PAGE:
Reviewing hearings before the House Committee on Immigration and Naturalization from 1920, I was surprised—although not terribly so—to read that Senator James Phelan of California had introduced to Congress a revision of the 14th Amendment of the Constitution. The issue was that American-born Asians, specifically children of Japanese immigrants, had access to citizenship.
“No American should be so credulous as to believe that any of the ‘get’ of Japanese picture brides will ever be Americanized,” a lengthy report attached to the proceedings declared. “Yet because of their birth upon our soil they are automatically endowed with the highest civic privilege that can be given man—the vote of a freeman. Because of his birth he becomes a unit of government in any State of the Union, yet remains just what nature made him—an oriental, without one attribute of American citizenship.”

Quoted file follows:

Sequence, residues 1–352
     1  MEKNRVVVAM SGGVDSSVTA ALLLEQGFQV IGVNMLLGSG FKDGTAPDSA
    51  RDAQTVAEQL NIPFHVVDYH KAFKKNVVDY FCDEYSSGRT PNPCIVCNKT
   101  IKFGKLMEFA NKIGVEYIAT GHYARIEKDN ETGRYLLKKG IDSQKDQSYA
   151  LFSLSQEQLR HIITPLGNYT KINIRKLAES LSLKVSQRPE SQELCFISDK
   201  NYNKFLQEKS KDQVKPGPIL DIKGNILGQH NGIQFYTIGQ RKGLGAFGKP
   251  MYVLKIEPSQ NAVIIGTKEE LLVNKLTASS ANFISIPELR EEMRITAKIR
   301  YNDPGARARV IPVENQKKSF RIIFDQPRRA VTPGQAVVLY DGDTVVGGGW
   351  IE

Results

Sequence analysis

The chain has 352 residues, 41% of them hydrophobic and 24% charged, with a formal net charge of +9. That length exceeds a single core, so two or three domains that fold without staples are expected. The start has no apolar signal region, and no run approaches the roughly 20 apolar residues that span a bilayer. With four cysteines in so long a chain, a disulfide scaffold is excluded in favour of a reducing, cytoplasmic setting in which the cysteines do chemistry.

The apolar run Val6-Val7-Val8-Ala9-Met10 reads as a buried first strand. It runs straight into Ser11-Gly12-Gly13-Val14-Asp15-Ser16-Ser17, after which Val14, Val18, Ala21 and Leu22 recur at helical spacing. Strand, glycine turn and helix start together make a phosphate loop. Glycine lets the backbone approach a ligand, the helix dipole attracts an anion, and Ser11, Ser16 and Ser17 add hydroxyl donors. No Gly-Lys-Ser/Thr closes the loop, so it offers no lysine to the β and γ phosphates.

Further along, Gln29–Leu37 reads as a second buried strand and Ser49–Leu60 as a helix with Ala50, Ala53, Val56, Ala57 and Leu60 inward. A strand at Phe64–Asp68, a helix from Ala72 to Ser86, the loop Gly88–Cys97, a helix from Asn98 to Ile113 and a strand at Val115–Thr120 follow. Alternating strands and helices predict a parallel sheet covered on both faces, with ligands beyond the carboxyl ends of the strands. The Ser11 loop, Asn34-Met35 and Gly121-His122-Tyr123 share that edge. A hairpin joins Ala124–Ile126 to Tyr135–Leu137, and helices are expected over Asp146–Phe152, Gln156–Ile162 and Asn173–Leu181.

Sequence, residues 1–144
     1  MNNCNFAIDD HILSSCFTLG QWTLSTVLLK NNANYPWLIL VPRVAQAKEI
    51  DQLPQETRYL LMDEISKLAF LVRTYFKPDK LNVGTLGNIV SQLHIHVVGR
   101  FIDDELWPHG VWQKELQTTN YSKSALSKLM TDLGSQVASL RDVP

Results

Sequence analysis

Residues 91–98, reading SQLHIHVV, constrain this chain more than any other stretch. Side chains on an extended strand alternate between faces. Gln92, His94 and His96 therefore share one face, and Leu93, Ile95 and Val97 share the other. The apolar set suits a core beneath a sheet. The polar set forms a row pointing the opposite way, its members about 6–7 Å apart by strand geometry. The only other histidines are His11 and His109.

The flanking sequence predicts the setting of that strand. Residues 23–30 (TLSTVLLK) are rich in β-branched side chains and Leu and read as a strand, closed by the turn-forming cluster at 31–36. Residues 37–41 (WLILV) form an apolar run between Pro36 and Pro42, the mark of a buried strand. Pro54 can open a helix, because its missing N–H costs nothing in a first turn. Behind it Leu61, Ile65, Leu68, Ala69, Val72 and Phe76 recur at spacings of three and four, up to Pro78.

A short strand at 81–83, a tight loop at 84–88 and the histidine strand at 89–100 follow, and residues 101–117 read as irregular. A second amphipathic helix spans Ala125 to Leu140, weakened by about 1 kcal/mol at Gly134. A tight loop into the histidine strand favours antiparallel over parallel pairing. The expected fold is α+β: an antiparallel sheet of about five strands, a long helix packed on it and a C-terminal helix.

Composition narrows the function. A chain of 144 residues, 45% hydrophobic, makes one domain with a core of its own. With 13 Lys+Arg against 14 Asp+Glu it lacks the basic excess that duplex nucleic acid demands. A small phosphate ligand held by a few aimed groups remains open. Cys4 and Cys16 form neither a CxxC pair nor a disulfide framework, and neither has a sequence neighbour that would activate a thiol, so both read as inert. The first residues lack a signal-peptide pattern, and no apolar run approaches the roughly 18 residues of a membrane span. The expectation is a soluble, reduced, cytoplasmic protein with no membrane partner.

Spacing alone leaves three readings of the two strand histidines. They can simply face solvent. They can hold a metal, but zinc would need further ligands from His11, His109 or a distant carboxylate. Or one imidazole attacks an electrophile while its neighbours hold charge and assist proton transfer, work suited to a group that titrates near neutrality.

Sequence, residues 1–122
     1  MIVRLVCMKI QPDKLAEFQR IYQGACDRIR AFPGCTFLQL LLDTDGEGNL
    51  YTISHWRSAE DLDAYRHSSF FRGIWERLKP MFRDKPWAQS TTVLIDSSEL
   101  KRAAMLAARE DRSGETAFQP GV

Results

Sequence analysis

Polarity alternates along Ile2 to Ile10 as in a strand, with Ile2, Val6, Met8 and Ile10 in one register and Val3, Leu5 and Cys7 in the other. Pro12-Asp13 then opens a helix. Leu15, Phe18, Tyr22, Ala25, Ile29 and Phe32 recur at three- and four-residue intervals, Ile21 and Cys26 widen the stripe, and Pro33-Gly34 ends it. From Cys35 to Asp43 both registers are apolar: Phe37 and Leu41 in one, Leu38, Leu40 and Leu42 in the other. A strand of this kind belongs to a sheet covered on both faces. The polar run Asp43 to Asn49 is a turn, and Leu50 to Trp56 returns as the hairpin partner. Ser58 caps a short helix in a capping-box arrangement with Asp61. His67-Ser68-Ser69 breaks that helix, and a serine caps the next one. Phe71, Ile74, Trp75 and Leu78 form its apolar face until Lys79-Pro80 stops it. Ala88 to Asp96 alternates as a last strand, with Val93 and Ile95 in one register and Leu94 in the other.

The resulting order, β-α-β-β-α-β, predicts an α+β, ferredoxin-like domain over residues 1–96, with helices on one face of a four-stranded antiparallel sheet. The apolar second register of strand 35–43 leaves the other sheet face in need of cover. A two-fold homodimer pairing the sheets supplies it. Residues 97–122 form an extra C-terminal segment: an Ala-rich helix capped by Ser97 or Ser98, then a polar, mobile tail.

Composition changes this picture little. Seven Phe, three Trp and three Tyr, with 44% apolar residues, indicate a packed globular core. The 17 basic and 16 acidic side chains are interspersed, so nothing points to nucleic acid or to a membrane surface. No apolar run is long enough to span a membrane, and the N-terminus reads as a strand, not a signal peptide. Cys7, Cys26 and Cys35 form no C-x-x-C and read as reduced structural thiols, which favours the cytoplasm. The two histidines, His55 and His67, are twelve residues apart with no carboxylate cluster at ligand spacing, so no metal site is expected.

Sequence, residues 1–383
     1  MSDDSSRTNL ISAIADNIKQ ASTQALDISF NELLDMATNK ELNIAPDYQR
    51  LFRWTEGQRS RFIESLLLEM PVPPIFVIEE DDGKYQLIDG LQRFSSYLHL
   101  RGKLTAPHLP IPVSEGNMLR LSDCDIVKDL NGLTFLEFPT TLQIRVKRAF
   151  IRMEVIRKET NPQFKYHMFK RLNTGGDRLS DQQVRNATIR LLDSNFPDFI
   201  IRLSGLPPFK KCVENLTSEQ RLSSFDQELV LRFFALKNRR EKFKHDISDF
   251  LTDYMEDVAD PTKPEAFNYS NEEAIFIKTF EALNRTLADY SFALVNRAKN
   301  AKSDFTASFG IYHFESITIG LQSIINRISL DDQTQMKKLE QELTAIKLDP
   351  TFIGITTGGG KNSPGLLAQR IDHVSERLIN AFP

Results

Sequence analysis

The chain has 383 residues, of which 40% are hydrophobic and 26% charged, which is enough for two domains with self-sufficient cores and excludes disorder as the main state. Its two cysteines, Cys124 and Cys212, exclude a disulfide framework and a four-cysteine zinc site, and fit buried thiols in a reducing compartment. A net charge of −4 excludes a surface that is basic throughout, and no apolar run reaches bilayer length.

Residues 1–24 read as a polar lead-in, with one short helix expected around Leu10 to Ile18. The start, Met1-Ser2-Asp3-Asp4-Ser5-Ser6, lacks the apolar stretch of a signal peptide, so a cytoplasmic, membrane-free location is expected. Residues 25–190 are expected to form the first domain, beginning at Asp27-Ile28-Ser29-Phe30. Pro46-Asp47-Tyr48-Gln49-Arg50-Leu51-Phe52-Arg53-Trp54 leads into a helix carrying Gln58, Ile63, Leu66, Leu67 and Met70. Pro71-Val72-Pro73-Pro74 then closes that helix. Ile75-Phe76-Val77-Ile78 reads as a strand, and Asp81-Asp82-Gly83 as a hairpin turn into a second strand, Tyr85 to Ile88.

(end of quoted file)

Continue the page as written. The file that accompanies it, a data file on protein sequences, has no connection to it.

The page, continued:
Senator Phelan’s proposal to “cure the evil” of double allegiance and raise the “standard of American citizenship” was to change the first line of Section One, defining citizenship, of the 14th Amendment. His revision amended the original “All persons born or naturalized in the United States, and subject to the jurisdiction thereof, are citizens of the United States and of the state wherein they reside” to the more complicated and cumbersome “All persons born in the United States and subject to the jurisdiction thereof whose parents are white persons, Africans, American Indians, or their descendants, and all persons naturalized in the United States and subject to the jurisdiction thereof are citizens of the United States and of the States wherein they reside.” Stipulating what races were eligible for citizenship, the revision also excluded by implication, those who were not, which the House Committee hearings made clear were Japanese and more generally Asians. While the proposed revision never passed, the sentiments it expressed extended, even as Phelan’s term did not, to the 1921 and 1924 Immigration Acts that declared Japanese and other Asian immigrants “aliens ineligible for citizenship.” Significantly, however, they did not preclude native-born Asians, or others, from citizenship and its claim to civil rights and equal protection under the law.